Twenty centuries of “progress” have brought the average citizen a vote, a national anthem, a Ford, a bank account, and a high opinion of himself, but not the capacity to live in high density without befouling and denuding his environment, nor a conviction that such capacity, rather than such density, is the true test of whether he is civilized.
In Game Management (1933), 423.
Science quotes on:  |  Automobile (19)  |  Capacity (42)  |  Civilization (155)  |  Conservation (139)  |  Environment (138)  |  Money (125)  |  Progress (317)

Why do they [Americans] quarrel, why do they hate Negroes, Indians, even Germans, why do they not have science and poetry commensurate with themselves, why are there so many frauds and so much nonsense? I cannot soon give a solution to these questions ... It was clear that in the United States there was a development not of the best, but of the middle and worst sides of European civilization; the notorious general voting, the tendency to politics... all the same as in Europe. A new dawn is not to be seen on this side of the ocean.
The Oil Industry in the North American State of Pennsylvania and in the Caucasus (1877). Translated by H. M. Leicester, from the original in Russian, in 'Mendeleev's Visit to America', Journal of Chemical Education (1957), 34, 333.
Science quotes on:  |  America (74)  |  Best (129)  |  Civilization (155)  |  Dawn (10)  |  Development (228)  |  Europe (32)  |  Fraud (12)  |  Germany (9)  |  India (15)  |  Middle (10)  |  Negro (4)  |  Nonsense (32)  |  Notorious (6)  |  Poetry (96)  |  Politics (77)  |  Question (315)  |  Science (1699)  |  Solution (168)  |  Tendency (40)  |  United States (31)  |  Worst (14)

[T]he 47th proposition in Euclid might now be voted down with as much ease as any proposition in politics; and therefore if Lord Hawkesbury hates the abstract truths of science as much as he hates concrete truth in human affairs, now is his time for getting rid of the multiplication table, and passing a vote of censure upon the pretensions of the hypotenuse.
In 'Peter Plymley's Letters', Essays Social and Political (1877), 530.
Science quotes on:  |  Abstract (43)  |  Censure (3)  |  Concrete (21)  |  Euclid (28)  |  Hatred (16)  |  Human Affairs (5)  |  Hypotenuse (3)  |  Multiplication Table (5)  |  Politics (77)  |  Pretension (4)  |  Proposition (47)  |  Science (1699)  |  Truth (750)


Carl Sagan Thumbnail In science it often happens that scientists say, 'You know that's a really good argument; my position is mistaken,' and then they would actually change their minds and you never hear that old view from them again. They really do it. It doesn't happen as often as it should, because scientists are human and change is sometimes painful. But it happens every day. I cannot recall the last time something like that happened in politics or religion. (1987) -- Carl Sagan
Quotations by: • Albert Einstein • Isaac Newton • Lord Kelvin • Charles Darwin • Srinivasa Ramanujan • Carl Sagan • Florence Nightingale • Thomas Edison • Aristotle • Marie Curie • Benjamin Franklin • Winston Churchill • Galileo Galilei • Sigmund Freud • Robert Bunsen • Louis Pasteur • Theodore Roosevelt • Abraham Lincoln • Ronald Reagan • Leonardo DaVinci • Michio Kaku • Karl Popper • Johann Goethe • Robert Oppenheimer • Charles Kettering  ... (more people)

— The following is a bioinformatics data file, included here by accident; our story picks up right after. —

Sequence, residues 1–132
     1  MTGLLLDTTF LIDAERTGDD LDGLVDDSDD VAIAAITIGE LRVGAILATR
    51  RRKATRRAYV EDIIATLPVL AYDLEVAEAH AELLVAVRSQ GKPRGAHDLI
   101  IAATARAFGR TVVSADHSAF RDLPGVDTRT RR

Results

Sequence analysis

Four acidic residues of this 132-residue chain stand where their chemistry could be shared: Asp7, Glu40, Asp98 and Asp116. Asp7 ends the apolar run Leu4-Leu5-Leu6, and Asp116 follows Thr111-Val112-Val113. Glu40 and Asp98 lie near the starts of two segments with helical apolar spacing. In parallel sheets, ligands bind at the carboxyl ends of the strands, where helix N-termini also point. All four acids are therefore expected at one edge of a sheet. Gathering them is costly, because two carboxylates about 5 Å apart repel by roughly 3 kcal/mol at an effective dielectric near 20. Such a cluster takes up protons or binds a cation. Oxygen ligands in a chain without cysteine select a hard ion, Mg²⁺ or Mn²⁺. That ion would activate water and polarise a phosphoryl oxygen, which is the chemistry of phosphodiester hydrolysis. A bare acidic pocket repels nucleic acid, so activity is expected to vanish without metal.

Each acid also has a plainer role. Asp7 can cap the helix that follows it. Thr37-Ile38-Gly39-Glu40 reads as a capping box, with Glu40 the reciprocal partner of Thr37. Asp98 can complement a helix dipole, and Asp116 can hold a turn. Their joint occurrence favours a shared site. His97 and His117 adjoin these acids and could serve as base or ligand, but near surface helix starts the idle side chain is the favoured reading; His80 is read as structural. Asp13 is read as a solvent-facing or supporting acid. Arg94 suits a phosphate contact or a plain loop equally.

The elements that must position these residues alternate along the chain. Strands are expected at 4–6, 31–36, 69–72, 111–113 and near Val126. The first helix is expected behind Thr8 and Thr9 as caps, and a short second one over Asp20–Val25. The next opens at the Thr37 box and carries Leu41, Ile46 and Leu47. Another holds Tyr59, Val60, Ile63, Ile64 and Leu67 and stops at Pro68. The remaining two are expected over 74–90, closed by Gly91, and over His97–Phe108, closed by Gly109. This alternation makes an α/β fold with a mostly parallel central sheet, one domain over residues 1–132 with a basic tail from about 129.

Quotations about: • Atomic  Bomb • Biology • Chemistry • Deforestation • Engineering • Anatomy • Astronomy • Bacteria • Biochemistry • Botany • Conservation • Dinosaur • Environment • Fractal • Genetics • Geology • History of Science • Invention • Jupiter • Knowledge • Love • Mathematics • Measurement • Medicine • Natural Resource • Organic Chemistry • Physics • Physician • Quantum Theory • Research • Science and Art • Teacher • Technology • Universe • Volcano • Virus • Wind Power • Women Scientists • X-Rays • Youth • Zoology  ... (more topics)
Sitewide search within all Today In Science History pages:
Visit our Science and Scientist Quotations index for more Science Quotes from archaeologists, biologists, chemists, geologists, inventors and inventions, mathematicians, physicists, pioneers in medicine, science events and technology.

Names index: | A | B | C | D | E | F | G | H | I | J | K | L | M | N | O | P | Q | R | S | T | U | V | W | X | Y | Z |

Categories index: | 1 | 2 | A | B | C | D | E | F | G | H | I | J | K | L | M | N | O | P | Q | R | S | T | U | V | W | X | Y | Z |

- 100 -
Sophie Germain
Gertrude Elion
Ernest Rutherford
James Chadwick
Marcel Proust
William Harvey
Johann Goethe
John Keynes
Carl Gauss
Paul Feyerabend
- 90 -
Antoine Lavoisier
Lise Meitner
Charles Babbage
Ibn Khaldun
Euclid
Ralph Emerson
Robert Bunsen
Frederick Banting
Andre Ampere
Winston Churchill
- 80 -
John Locke
Bronislaw Malinowski
Bible
Thomas Huxley
Alessandro Volta
Erwin Schrodinger
Wilhelm Roentgen
Louis Pasteur
Bertrand Russell
Jean Lamarck
- 70 -
Samuel Morse
John Wheeler
Nicolaus Copernicus
Robert Fulton
Pierre Laplace
Humphry Davy
Thomas Edison
Lord Kelvin
Theodore Roosevelt
Carolus Linnaeus
- 60 -
Francis Galton
Linus Pauling
Immanuel Kant
Martin Fischer
Robert Boyle
Karl Popper
Paul Dirac
Avicenna
James Watson
William Shakespeare
- 50 -
Stephen Hawking
Niels Bohr
Nikola Tesla
Rachel Carson
Max Planck
Henry Adams
Richard Dawkins
Werner Heisenberg
Alfred Wegener
John Dalton
- 40 -
Pierre Fermat
Edward Wilson
Johannes Kepler
Gustave Eiffel
Giordano Bruno
JJ Thomson
Thomas Kuhn
Leonardo DaVinci
Archimedes
David Hume
- 30 -
Andreas Vesalius
Rudolf Virchow
Richard Feynman
James Hutton
Alexander Fleming
Emile Durkheim
Benjamin Franklin
Robert Oppenheimer
Robert Hooke
Charles Kettering
- 20 -
Carl Sagan
James Maxwell
Marie Curie
Rene Descartes
Francis Crick
Hippocrates
Michael Faraday
Srinivasa Ramanujan
Francis Bacon
Galileo Galilei
- 10 -
Aristotle
John Watson
Rosalind Franklin
Michio Kaku
Isaac Asimov
Charles Darwin
Sigmund Freud
Albert Einstein
Florence Nightingale
Isaac Newton



who invites your feedback
Thank you for sharing.
Today in Science History
Sign up for Newsletter
with quiz, quotes and more.